Not intentionally, of course. At the Huffington Post, she experiences a "political epiphany" at the Kaiser Permanente Medical Center in San Francisco, while eavesdropping on women caretaking their mothers while dealing with medical bureaucracy.
Listening to these women manage their mothers with effectiveness and as much patience as they could muster, admitting to errors, standing in interminable lines, speed-dialing medical professionals, I wanted to ask, "Could you run my country?"Sure. Those are exactly the job skills we need in a President. Because the President does that sort of thing all the time.
But it turns out this sort of thing is exactly what propelled Hillary Clinton to her New Hampshire primary win:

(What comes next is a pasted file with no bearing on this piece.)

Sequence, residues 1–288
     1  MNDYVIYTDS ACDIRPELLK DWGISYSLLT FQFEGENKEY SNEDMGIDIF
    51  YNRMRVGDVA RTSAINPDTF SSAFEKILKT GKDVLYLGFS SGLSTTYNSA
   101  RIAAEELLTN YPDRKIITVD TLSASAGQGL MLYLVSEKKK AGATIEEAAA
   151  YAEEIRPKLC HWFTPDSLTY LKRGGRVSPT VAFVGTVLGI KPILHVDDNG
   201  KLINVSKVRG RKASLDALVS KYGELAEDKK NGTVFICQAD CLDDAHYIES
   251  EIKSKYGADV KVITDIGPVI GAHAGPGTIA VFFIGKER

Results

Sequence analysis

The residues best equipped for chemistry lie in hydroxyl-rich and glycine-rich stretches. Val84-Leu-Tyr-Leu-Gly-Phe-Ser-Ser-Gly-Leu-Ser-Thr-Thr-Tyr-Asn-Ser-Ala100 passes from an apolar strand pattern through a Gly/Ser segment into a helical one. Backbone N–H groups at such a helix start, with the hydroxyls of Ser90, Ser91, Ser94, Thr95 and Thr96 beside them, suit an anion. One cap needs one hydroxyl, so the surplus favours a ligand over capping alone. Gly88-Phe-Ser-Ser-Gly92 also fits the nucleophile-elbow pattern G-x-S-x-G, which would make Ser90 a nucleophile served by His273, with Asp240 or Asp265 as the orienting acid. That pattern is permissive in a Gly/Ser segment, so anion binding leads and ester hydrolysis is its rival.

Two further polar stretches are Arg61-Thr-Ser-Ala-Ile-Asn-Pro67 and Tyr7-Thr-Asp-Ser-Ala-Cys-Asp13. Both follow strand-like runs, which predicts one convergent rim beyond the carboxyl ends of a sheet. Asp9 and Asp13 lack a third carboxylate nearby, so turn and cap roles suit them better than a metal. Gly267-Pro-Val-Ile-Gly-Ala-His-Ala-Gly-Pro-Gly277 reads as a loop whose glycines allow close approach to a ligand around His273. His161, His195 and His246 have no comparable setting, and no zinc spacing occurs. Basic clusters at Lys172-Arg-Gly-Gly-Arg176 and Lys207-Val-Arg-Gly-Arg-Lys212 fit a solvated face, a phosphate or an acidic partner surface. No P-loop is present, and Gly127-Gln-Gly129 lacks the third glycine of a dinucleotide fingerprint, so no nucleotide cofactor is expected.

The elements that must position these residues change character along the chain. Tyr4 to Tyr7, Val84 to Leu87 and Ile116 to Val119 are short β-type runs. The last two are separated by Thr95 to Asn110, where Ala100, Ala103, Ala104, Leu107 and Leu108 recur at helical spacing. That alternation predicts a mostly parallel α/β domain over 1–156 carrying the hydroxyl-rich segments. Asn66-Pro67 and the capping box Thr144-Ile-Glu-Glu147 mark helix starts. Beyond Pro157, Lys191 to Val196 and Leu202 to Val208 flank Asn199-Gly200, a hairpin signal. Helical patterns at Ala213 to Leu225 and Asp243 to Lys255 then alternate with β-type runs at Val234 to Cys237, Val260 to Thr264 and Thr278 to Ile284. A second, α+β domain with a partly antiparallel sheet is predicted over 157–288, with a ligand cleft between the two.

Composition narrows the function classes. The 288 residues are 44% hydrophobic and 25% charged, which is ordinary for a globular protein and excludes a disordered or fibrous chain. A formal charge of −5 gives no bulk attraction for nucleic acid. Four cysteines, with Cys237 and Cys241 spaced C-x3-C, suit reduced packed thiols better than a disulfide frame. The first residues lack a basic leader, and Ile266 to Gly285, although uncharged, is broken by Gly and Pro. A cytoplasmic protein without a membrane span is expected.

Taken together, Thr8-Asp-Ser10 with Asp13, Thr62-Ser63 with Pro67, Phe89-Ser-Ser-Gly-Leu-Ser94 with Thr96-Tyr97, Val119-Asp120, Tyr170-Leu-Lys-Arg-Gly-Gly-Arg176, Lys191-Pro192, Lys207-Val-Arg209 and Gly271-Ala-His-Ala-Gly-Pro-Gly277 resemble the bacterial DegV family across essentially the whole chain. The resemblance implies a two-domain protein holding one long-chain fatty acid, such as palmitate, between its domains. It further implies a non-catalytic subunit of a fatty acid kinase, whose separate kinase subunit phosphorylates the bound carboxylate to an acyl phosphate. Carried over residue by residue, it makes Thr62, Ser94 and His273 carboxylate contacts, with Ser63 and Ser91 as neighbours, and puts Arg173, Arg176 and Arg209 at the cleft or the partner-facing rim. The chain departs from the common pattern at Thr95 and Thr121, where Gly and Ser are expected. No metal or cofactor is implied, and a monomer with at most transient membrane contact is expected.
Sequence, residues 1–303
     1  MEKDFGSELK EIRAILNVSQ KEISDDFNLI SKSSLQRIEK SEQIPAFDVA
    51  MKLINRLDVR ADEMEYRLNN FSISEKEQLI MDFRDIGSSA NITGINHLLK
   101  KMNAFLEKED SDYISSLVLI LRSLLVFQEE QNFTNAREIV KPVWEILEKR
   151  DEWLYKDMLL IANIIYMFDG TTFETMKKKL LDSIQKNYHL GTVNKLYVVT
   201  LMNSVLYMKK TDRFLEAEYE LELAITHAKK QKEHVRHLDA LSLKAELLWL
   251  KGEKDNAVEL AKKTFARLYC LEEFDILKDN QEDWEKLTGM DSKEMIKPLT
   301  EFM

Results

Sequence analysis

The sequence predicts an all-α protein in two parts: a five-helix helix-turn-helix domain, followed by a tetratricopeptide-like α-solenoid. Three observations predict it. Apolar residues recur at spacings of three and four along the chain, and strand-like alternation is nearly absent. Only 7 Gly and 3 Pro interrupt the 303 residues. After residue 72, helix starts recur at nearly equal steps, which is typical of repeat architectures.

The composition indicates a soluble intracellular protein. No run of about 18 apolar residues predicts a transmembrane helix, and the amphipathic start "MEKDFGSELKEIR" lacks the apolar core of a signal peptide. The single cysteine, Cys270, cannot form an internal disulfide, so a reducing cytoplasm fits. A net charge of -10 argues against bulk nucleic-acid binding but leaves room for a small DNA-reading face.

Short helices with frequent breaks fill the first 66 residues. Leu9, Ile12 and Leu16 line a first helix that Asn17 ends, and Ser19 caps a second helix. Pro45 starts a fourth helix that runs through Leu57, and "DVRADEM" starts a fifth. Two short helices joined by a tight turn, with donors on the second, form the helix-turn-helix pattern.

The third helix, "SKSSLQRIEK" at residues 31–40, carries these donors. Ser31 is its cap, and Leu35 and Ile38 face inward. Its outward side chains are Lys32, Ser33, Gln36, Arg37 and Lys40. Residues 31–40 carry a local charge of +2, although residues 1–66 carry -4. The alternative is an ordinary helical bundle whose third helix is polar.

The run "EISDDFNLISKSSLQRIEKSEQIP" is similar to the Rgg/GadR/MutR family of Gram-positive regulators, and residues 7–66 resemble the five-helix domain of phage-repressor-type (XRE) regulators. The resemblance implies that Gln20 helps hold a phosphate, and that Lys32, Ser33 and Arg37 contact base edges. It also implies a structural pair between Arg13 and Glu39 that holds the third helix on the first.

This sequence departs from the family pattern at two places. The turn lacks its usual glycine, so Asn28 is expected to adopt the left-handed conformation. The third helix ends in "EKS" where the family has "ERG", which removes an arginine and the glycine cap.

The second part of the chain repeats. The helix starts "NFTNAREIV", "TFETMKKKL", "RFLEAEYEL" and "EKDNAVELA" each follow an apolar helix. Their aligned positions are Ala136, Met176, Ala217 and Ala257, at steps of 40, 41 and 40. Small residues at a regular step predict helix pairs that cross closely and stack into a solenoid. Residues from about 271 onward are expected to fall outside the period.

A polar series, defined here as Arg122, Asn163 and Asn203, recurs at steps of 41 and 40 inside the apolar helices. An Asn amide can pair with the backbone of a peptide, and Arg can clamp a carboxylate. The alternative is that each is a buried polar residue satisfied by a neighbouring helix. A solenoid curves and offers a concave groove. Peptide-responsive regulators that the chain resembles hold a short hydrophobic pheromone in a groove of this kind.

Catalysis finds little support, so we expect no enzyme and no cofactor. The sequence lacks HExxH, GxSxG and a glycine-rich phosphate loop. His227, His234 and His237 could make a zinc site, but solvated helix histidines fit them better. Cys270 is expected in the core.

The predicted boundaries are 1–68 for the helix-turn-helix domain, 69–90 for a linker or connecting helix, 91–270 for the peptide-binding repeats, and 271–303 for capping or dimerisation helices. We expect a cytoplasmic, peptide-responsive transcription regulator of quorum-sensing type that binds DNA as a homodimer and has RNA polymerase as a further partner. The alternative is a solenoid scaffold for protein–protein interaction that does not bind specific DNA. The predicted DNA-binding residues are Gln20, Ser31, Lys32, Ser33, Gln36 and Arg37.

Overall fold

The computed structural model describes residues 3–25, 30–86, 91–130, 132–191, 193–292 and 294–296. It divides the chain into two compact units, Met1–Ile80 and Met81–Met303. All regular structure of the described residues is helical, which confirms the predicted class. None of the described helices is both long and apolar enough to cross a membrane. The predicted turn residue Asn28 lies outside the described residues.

… female voters didn't seem to be responding to Clinton's tears so much as to their outrage at men's reactions to those tears (in particular, men in the media).Ah, there's a good reason to vote for someone: because men—boo, hiss—don't think Presidents should tear up, or even pretend to tear up, when asked softball questions about their feelings.
If pundits ever tried to understand what some female voters know about the complexity of women's lives, they might begin to comprehend the appeal of a female candidate whose ethic of caring and whose posture of femininity derive from responsibilities beyond the maternal. And then they might begin to understand the affection of women in New Hampshire who put her over the top.Alternatively, those pundits could reasonably ask: why on earth would women think that "caring" talents are exactly what are needed in a President?
For the record, I have more respect for female voters than does Susan Faludi. I think, on average, they're not as flighty and superficial as Susan thinks they are. Hope so, anyway.